It’s tiny joint, but your big toe joint (MTP) can be an important one. Yep, you probably don’t often think of your big toe unless you are stubbing it on some concrete path or whacking it on some furniture, but it’s a key joint for balance and locomotion- not to mention running. As you push off, your big toe must extend which causes your plantar fascia to tighten which helps to stabilize the foot. This rigidity it causes in your foot as it extends is good because it makes a strong lever for propulsion.
If you are lacking motion in your big toe, other areas might compensate like the following:
- Decreased Hip Extension: the foot comes off the ground too soon not allowing the hip to get full range of motion.
- Increased Knee Flexion (bend): The foot is forced to push off the lateral 4 toes which externally rotates your lower leg and prevents full knee extension. This could lead to knee pain and an efficient running gait.
- Excessive supination: meaning your are weight-bearing more on the lateral part of your foot with a turned in heel which is less stable.
So what to do?
A quick positional assessment can give you an idea of your big toe function. Kneeling with your toes tucked under you, sit back on your heels and try and get you toe flat on the ground. Pay attention to what you see and feel. If you feel a stretch in the heel or bottom of your foot, it’s most likely your plantar fascia, so it’s ok to stretch it gently. If you feel more of a pinching in your toe, it might mean you have Hallux Rigiditus or some joint restrictions due to osteoarthritic changes. If you have bunions (hallux vallgus) like me, you probably have less motion and will need to work on maintaining your motion. Often more rigid shoes are suggested to not allow this joint to get to the painful range. Custom orthotics are often indicated and can be made my a physical therapist or podiatrist. Physical therapy can also help mobilize the joint to get more movement and pain relief.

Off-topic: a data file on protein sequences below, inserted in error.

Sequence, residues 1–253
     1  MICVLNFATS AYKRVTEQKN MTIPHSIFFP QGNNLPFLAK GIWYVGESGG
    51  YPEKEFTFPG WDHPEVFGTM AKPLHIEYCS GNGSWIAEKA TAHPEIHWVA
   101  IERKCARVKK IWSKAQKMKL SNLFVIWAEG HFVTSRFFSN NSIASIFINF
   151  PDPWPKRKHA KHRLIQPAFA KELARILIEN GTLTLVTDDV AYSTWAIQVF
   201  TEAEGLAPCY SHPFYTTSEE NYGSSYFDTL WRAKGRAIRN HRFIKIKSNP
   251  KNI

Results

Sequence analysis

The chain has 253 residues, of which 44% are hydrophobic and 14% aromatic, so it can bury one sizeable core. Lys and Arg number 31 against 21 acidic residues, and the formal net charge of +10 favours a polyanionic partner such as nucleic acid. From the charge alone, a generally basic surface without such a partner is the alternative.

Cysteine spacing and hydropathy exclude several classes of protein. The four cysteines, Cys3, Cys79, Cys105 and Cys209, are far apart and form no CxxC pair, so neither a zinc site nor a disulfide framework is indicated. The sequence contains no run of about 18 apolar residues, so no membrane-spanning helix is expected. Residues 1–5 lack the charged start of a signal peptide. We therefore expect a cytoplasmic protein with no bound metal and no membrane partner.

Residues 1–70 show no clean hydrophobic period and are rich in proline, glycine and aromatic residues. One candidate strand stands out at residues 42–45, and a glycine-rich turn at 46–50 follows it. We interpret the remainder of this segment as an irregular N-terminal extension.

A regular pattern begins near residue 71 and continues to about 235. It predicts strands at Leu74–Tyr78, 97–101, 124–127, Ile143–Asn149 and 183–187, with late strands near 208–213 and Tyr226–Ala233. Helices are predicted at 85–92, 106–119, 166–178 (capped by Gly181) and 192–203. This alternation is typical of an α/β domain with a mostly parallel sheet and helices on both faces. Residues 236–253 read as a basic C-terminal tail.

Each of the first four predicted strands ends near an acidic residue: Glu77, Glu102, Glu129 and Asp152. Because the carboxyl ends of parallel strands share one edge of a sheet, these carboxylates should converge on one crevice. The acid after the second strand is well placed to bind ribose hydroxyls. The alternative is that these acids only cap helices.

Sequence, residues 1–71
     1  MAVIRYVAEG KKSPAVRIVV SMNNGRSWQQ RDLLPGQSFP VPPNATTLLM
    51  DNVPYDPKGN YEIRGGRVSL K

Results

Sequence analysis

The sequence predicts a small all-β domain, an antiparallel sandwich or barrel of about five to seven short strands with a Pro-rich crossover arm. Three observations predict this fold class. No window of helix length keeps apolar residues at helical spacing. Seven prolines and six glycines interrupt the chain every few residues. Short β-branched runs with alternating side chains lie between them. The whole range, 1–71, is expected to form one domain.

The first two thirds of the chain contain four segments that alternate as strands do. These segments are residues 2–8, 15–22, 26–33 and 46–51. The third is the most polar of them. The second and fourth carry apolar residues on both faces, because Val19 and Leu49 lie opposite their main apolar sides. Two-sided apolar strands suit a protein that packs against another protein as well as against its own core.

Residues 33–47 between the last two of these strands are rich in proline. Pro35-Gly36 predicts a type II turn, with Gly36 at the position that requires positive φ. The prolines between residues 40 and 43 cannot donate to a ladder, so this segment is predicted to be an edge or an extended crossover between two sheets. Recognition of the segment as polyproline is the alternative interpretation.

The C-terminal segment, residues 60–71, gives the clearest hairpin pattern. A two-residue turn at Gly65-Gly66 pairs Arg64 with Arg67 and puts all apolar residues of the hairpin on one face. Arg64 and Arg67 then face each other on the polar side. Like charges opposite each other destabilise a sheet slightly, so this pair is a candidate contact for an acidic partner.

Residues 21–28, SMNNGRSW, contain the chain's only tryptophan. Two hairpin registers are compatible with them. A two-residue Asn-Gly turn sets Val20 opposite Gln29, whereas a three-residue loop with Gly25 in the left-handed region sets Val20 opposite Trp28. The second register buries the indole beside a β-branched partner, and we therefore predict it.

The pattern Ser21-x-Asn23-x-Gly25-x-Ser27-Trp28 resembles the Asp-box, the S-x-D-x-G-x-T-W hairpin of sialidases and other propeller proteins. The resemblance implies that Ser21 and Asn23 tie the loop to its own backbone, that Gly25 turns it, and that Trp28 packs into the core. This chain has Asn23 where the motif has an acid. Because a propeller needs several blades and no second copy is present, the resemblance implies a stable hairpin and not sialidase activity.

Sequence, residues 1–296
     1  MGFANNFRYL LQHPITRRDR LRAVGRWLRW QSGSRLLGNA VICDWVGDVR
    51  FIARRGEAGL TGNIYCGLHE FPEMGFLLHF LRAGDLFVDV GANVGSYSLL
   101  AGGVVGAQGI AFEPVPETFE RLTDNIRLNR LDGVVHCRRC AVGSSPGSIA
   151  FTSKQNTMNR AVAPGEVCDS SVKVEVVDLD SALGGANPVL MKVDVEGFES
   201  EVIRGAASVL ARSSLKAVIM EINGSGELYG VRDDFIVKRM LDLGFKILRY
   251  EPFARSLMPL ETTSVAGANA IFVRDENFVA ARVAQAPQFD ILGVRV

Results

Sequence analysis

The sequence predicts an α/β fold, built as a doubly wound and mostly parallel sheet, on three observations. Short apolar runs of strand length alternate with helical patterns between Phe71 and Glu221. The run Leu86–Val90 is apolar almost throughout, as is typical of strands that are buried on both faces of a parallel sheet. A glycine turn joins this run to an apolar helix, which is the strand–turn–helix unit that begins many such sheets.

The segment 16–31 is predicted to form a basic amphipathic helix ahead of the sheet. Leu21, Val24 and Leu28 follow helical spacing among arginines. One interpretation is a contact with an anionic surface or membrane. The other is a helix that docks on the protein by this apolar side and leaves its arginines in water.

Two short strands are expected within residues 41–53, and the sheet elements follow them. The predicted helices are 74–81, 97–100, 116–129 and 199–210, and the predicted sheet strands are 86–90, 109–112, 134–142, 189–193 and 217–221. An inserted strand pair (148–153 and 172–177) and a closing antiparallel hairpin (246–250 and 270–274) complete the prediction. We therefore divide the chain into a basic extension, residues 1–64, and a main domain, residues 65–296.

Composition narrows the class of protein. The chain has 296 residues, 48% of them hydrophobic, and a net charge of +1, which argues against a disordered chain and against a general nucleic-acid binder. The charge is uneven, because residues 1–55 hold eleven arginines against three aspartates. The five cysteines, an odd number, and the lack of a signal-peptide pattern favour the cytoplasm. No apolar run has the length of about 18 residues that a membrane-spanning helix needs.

So, assess your joint and see if you need some work. If you have some limitations, hopefully you will soon see some subtle gains in your running mechanics. Enjoy!
*** As always, consult your physician with any medical concerns before beginning a new exercise routine. A full physical therapy evaluation can help you understand your body and assess your mobility and running mechanics.